[Xmonad] darcs patch: refactor layout interface. (and 1 more)

David Roundy droundy at darcs.net
Thu Apr 19 22:00:05 EDT 2007

On Thu, Apr 19, 2007 at 07:10:36PM -0600, Jason Creighton wrote:
> On Wed, Apr 18, 2007 at 09:27:03PM -0700, David Roundy wrote:
> > On Wed, Apr 18, 2007 at 07:06:11PM -0600, Jason Creighton wrote:
> > > If I'm reading this correctly, I don't think that will work. "full"
> > > doesn't display the first window in the tiling order, it displays the
> > > focused window. So Rectangle -> [Window] -> [(Window, Rectangle)] is not
> > > sufficient to support all the cases we have now: The layout function has
> > > to somehow know which window is focus. To that end, I think the layout
> > > function type is going to have to be something like
> > 
> > I can assure you that full does work (I just double-checked), although I
> > couldn't really explain why--except experimentally.  (By which I mean that
> > it displays the focussed window, and no other.)  Perhaps the focussed
> > window is always displayed on top of the other windows when they overlap?
> Oh, right. "refresh" raises the focused window. So it works, but by
> accident.
> Maybe that's not a fair way of putting it. As xmonad is currently
> written, the focused window has to be raised because we don't move the
> other windows out of the way. So while it seems kludgey to me, it will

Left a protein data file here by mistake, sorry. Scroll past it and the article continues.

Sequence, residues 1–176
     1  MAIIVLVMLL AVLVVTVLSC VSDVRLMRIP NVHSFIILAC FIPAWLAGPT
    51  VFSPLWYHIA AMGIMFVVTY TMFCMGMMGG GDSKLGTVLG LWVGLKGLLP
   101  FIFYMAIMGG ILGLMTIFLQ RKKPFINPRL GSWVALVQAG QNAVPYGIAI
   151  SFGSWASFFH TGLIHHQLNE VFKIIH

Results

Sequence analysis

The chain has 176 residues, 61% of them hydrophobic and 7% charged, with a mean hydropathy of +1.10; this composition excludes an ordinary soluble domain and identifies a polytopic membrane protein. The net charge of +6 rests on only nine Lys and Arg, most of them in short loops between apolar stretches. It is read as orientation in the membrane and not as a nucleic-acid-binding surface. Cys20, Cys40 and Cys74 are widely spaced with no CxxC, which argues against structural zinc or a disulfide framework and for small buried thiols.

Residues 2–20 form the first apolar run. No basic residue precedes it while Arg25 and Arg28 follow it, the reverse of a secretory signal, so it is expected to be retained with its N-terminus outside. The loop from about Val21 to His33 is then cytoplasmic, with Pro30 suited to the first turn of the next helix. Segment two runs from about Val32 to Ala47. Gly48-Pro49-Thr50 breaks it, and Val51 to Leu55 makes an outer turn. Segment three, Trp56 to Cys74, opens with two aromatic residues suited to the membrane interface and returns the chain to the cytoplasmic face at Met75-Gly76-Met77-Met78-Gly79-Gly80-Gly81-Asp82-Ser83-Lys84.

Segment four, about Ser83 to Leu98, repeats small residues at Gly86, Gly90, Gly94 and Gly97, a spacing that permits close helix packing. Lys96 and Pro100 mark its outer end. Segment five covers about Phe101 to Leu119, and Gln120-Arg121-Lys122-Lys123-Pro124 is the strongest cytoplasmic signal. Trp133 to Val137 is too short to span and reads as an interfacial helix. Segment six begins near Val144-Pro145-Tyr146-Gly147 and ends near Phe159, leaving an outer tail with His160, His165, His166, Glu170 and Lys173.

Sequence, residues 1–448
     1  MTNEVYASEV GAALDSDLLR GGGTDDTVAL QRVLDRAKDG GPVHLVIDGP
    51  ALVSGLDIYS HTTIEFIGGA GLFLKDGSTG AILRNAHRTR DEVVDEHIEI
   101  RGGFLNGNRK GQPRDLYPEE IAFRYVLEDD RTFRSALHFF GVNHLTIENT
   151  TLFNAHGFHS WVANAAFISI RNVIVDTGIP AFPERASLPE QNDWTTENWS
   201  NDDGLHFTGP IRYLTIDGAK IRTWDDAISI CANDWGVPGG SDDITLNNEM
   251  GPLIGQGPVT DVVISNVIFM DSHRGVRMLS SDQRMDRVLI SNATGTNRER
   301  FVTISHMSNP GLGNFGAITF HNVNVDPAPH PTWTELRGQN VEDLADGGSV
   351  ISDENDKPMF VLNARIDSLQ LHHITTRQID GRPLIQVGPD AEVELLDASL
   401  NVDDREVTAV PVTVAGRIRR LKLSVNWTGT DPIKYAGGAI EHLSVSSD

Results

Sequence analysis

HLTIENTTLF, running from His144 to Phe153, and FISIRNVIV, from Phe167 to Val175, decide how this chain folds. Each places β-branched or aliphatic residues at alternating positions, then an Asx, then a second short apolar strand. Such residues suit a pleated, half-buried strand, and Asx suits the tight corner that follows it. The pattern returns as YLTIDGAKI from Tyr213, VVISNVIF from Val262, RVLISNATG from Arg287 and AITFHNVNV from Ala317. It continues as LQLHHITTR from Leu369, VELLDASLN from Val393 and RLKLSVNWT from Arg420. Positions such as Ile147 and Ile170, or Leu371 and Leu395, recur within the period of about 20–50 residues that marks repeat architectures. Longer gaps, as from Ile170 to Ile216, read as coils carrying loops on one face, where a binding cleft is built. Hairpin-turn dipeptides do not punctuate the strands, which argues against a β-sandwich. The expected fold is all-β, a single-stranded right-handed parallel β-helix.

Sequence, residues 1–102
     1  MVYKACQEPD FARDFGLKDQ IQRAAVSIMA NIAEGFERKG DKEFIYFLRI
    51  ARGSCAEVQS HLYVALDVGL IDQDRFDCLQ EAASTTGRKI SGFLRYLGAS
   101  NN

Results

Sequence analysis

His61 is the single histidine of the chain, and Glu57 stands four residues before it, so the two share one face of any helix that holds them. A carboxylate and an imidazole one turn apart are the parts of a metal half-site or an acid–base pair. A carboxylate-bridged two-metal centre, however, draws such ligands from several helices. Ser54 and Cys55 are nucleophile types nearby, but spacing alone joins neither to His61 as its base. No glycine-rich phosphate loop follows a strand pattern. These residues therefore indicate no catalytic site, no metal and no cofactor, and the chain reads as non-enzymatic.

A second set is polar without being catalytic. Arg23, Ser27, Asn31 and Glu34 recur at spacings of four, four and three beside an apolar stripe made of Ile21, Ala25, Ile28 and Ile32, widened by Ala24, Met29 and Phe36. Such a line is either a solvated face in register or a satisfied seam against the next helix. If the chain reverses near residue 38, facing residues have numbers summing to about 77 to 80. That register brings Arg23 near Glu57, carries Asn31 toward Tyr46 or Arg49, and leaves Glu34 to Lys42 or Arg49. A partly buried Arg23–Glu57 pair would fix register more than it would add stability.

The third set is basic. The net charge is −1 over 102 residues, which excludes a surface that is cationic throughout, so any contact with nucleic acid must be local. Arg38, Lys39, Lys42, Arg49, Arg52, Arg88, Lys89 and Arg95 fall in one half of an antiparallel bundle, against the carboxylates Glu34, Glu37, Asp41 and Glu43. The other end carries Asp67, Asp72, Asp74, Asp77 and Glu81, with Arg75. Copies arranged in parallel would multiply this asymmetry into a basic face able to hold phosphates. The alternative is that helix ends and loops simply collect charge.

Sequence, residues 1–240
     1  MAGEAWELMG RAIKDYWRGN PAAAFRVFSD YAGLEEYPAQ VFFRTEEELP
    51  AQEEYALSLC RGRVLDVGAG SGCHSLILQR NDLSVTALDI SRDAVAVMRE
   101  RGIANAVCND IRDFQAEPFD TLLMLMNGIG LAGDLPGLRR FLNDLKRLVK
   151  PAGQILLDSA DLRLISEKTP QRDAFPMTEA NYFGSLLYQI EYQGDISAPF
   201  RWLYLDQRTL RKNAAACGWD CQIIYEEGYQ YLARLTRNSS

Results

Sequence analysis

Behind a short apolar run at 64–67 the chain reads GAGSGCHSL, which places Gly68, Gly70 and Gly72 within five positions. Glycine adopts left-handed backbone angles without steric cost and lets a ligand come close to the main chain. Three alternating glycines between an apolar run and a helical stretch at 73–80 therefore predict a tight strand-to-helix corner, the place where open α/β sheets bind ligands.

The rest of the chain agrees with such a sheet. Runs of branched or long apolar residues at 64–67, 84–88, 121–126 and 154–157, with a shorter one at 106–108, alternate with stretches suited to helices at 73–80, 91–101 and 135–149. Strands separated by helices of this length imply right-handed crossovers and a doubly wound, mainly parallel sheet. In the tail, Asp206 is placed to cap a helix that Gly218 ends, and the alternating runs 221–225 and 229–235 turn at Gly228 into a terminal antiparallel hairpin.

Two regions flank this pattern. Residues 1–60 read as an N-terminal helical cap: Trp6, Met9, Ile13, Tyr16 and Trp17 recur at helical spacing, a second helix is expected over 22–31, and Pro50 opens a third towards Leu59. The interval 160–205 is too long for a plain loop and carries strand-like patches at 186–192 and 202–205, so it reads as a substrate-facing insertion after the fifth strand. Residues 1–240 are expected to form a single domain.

> work, as you have noted. But it also seems distasteful to not be able
> to, for example, check all the normal properties (non-overlapping
> windows among them, I believe) with QC. So my opinion is that it would
> be better to pass in the focused window, as you propose below.

I agree.  It'll be cleaner to pass in the focussed window.  It's also
helpful for certain sorts of layouts I can imagine, where the focussed
window is treated specially (e.g. if I had a keybinding to make the
focussed window a bit wider).

> > > In that scenario, I'm not quite sure where you'd want to parameterize
> > > your user-defined message type. Indeed, I'm not quite sure what to do
> > > about that in the first place. If the whole X monad takes this type,
> > > doesn't that mean that you made up a totally new type, you couldn't mix
> > > and match your layout functions with the builtin ones?
> > 
> > In the scenario I'm imagining, layout functions would define a class
> > describing the messages they accept, and the Config file would define a
> > data type that is an instance of all those classes.  Thus we can have any
> > combination of layouts, which can each accept any number of messages.  The
> > Config file needs to "know" the details of the messages in order to set up
> > key bindings anyhow.
> > 
> > In practice, there probably won't be very many such classes, since most
> > layouts will accept similar commands.
> Hmm. What advantage does using classes have over just having a data type
> with multiple constructors, and have layout functions ignore messages
> (ie, constructors) they don't know about?

The advantage is that new layouts can be developed that desire new sorts of
messages without modifying all the other layouts.  You could also acheive
this by having a standardized name for the message datatype and adding an
additional config file that is imported into Operations, but that seems
kludgey.  Or if ghc supported mutually recursive modules, that could also
make it work.  But the class approach seems cleanest to me--I don't like
the mutually recursive approach, as it means that a change in Config could
cause Operations to fail to compile, which doesn't seem like a friendly
interface for people who just want to change their key bindings.
David Roundy

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